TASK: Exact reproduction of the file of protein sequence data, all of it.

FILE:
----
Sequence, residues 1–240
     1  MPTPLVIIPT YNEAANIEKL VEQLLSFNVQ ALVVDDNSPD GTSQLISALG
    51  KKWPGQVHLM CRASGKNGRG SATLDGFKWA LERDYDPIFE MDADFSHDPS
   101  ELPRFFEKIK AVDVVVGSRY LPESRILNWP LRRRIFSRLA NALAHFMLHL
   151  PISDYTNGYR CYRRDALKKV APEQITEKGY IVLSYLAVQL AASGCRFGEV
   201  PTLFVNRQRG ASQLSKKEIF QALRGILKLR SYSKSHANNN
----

Sequence, residues 1–240
     1  MPTPLVIIPT YNEAANIEKL VEQLLSFNVQ ALVVDDNSPD GTSQLISALG
    51  KKWPGQVHLM CRASGKNGRG SATLDGFKWA LERDYDPIFE MDADFSHDPS
   101  ELPRFFEKIK AVDVVVGSRY LPESRILNWP LRRRIFSRLA NALAHFMLHL
   151  PISDYTNGYR CYRRDALKKV APEQITEKGY IVLSYLAVQL AASGCRFGEV
   201  PTLFVNRQRG ASQLSKKEIF QALRGILKLR SYSKSHANNN